Reason #9 to support Larimer Humane Society on Colorado Gives Day:

We take in every animal regardless of age, breed or medical history


Native to warmer environments, degus are a trendy pet in Florida. However, it’s uncommon for them to appear in Northern Colorado. In the past five years, Larimer Humane Society has cared for only a few of these small mammals.

Like other animals, degus are known to bond to one another. In an effort to keep sweet Raj and Fluffball as happy as can be, the pair was adopted together to a young mother and her two daughters. This diurnal duo can now be found actively burrowing and nesting the day away. A fun fact: one goji berry a day keeps the degu doctor away!

You can support exotic pets by donating on Colorado Gives Day. Help us continue to save lives and give homeless animals like Raj and Fluffball their second chances at love.

Click here to give button


Photo by Heidi Muller Photography

Reason #8 to support Larimer Humane Society on Colorado Gives Day:

We provide lifesaving veterinary care to our shelter pets


Lucky was surrendered to Larimer Humane Society with a leg so broken that the bone was visible through her soft fur. In unfortunate situations like hers, the only option is to amputate.

Fortunately, the loss of Lucky’s leg didn’t affect her personality one bit. When a young family arrived at Larimer Humane Society looking for a new companion, Lucky’s gentle character and even temperament immediately won them over. Like Lucky, the family had encountered their own battles over the last few months. They too knew the struggles of surgery and the long road of recovery.

“We think that when they removed her leg, her heart grew another chamber to make room for more love,” says her new parents. Lucky’s courage has helped her family heal.

You can support emergency vet care for our shelter pets by donating on Colorado Gives Day. Help us continue to save lives and give homeless animals like Lucky their second chance at love.

Click here to give button


Photo by Heidi Muller Photography

Reason #7 to support Larimer Humane Society on Colorado Gives Day:

We give pets the happy ending to their story


Determining the gender of a newly hatched chick is more than a delicate matter – it’s downright difficult. It’s not uncommon to take a rooster home when you think you’ve purchased a chicken.

A victim of this unfortunate mistake, Rootie’s family surrendered him to Larimer Humane Society as they resided within Wellington city limits, and Rootie and his rooster buddies are only permitted in unincorporated Larimer County.

Luckily, Rootie’s story is a happy one. After spending just one month at Larimer Humane Society, Rootie was adopted and now lives an exciting life with dogs, cats, and other animals near the foothills of Northern Colorado.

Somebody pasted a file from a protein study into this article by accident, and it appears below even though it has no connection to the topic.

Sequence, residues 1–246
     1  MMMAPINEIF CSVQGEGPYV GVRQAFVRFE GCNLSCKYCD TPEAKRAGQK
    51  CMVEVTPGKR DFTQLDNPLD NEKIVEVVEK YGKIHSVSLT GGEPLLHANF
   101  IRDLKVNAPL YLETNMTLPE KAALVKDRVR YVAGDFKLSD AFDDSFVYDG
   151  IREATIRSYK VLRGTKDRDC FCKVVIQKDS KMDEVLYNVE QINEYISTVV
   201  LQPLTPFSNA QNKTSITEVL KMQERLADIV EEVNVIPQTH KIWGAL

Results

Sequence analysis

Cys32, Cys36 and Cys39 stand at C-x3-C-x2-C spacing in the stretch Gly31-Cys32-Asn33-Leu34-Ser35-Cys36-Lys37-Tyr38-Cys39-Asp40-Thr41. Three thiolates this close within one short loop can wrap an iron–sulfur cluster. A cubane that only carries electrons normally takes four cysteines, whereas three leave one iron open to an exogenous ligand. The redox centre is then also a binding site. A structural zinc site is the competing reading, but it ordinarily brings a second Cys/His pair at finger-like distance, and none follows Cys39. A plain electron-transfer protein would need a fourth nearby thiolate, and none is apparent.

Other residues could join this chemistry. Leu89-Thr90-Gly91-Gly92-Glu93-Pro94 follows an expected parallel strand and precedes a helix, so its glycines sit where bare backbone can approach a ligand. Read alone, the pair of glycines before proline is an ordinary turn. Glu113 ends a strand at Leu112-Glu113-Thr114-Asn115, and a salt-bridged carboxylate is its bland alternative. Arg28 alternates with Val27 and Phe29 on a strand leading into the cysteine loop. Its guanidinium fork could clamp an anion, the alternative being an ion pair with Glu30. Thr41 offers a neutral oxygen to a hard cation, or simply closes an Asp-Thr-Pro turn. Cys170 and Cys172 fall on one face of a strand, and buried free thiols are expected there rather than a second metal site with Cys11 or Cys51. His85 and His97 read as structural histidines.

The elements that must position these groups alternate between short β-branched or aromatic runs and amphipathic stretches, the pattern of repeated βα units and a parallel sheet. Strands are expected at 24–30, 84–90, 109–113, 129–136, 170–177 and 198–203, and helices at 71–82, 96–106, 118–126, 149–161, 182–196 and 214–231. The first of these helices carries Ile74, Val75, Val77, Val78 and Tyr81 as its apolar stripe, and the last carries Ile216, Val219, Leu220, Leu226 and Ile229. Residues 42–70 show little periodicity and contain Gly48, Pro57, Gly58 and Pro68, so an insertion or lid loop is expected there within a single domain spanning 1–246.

You can support happy endings by donating on Colorado Gives Day. Help us continue to save lives and give homeless animals like Rootie their second chance at love.

Click here to give button


Photo by Heidi Muller Photography

Reason #6 to support Larimer Humane Society on Colorado Gives Day:

We reunite pets with their owners


If you happen to be a lost pet, you’d be lucky to be lost in Larimer County. 78% of dogs that arrive as strays to Larimer Humane Society are returned to their owners, and 18% of cats are returned to their original families. The national averages are much lower, at 50% for dogs and a mere 5% for cats.

In 2011, Rocky went missing from his family home in Loveland. After filing lost reports with Larimer Humane Society and hanging flyers in their neighborhood proved unsuccessful, Rocky’s family thought they would never see him again. Then, one day in the spring of 2013, the family received the unexpected call they had been hoping for – Rocky had been found! We’ll never know what happened to Rocky during his lost years. Found in Timnath, he was five pounds heavier and his fur unkempt; but because of his microchip, Rocky had his ticket home.

You can support reuniting lost pets with their owners by donating on Colorado Gives Day. Help us continue to save lives and give homeless animals like Rocky their second chance at love.


Click here to give button



Photo by Heidi Muller Photography

Reason #5 to support Larimer Humane Society on Colorado Gives Day:

We turn “abandoned” into “adopted”


When Papi arrived at Larimer Humane Society, his nickname may as well have been Petrified Papi. A building full of animals is not the ideal place for a scared little dog, and Papi was so shy he wouldn’t leave his kennel.

Papi’s early days with us were difficult ones. Staff and foster volunteers worked hard to win him over. Papi was adopted once but quickly returned; he was just too terrified for his new owners. His original foster family offered to host him until someone came forward again with interest. Finally, someone did.

When an interested adopter saw Papi’s photo on our website, his foster family arranged a special meet and greet. Although getting him out of his kennel for that first visit was a challenge, Papi quickly warmed up to his potential adopter. It seems he has found his purpose in life, his reason for second and third chances. He now follows his new owner everywhere, taking special care to watch over her as they sit together on the patio.

When discussing his past, Papi’s loving owner just shakes her head, “I just can’t believe any of it. Around here, we call him Perfect Papi.”